From a production standpoint, it involves creating content that engages an audience using various techniques to permeate their daily lives. In order to achieve this engagement, a transmedia production will develop stories across multiple forms of media in order to deliver unique pieces of content in each channel. Importantly, these pieces of content are not only linked together (overtly or subtly), but are in narrative synchronization with each other.
In 1991, then University of Southern California professor Marsha Kinder coined the term for this form of storytelling, calling franchises that use such a model "commercial transmedia supersystems". She went on to say "transmedia intertextuality works to position consumers as powerful players while disavowing commercial manipulation." In 2003, then Massachusetts Institute of Technology media studies professor Henry Jenkins used the term in his Technology Review article, "Transmedia Storytelling," where he reflected that the coordinated use of storytelling across platforms can make the characters more compelling.
Google co-founders Larry Page and Sergey Brin offer a peek inside the Google machine, sharing tidbits about international search patterns, the philanthropic Google Foundation, and the company's dedication to innovation and employee happiness.
New media refers to on-demand access to content any time, anywhere, on any digital device, as well as interactive user feedback, creative participation and community formation around the media content. Another important promise of new media is the "democratization" of the creation, publishing, distribution and consumption of media content. Another aspect of new media is the real-time generation of new, unregulated content.
Most technologies described as "new media" are digital, often having characteristics of being manipulated, networkable, dense, compressible, and interactive. Some examples may be the Internet, websites, computer multimedia, video games, CD-ROMS, and DVDs. New media does not include television programs, feature films, magazines, books, or paper-based publications – unless they contain technologies that enable digital interactivity.Wikipedia, an online encyclopedia, is an example, combining Internet accessible digital text, images and video with web-links, creative participation of contributors, interactive feedback of users and formation of a participant community of editors and donors for the benefit of non-community readers. Facebook is an example of the social media model, in which most users are also participants.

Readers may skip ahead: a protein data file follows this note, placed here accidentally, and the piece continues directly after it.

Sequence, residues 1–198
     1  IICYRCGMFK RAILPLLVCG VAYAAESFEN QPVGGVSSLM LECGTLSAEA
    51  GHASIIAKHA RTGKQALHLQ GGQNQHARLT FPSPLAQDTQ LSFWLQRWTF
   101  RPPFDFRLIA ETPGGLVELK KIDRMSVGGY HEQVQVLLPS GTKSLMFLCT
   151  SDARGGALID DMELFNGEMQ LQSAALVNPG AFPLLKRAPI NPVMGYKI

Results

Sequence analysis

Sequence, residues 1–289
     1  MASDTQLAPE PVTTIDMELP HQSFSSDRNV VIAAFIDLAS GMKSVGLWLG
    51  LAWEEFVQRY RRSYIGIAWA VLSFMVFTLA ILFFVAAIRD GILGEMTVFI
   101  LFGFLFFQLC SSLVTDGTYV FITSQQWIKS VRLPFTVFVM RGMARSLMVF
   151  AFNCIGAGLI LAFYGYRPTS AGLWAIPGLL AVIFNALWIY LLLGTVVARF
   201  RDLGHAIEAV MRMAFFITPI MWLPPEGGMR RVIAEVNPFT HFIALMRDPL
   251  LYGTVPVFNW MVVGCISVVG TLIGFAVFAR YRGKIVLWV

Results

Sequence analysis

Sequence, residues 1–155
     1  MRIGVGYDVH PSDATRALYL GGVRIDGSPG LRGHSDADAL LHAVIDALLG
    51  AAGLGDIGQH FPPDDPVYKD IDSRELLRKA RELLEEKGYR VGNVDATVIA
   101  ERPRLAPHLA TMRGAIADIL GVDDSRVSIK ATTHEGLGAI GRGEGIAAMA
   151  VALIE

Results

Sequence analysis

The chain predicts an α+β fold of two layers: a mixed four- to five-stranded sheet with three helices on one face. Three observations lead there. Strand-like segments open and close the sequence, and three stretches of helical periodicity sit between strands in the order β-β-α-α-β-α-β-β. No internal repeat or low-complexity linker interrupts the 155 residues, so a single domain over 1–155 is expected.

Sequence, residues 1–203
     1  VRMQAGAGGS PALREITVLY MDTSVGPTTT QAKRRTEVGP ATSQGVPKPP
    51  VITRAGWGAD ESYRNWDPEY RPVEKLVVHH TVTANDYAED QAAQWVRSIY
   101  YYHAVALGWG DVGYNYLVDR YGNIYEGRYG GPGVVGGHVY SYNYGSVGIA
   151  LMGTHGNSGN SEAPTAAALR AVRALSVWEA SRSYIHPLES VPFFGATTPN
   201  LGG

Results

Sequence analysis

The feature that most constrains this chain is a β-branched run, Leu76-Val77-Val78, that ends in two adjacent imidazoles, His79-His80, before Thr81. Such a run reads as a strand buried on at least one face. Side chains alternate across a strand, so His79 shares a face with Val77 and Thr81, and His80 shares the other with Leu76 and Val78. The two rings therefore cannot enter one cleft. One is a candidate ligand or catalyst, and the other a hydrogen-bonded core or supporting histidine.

In the 1960s, connections between computing and radical art began to grow stronger. It was not until the 1980s that Alan Kay and his co-workers at Xerox PARC began to give the power of a personal computer to the individual, rather than have a big organization be in charge of this. "In the late 1980s and early 1990s, however, we seem to witness a different kind of parallel relationship between social changes and computer design. Although causally unrelated, conceptually it makes sense that the Cold War and the design of the Web took place at exactly the same time."
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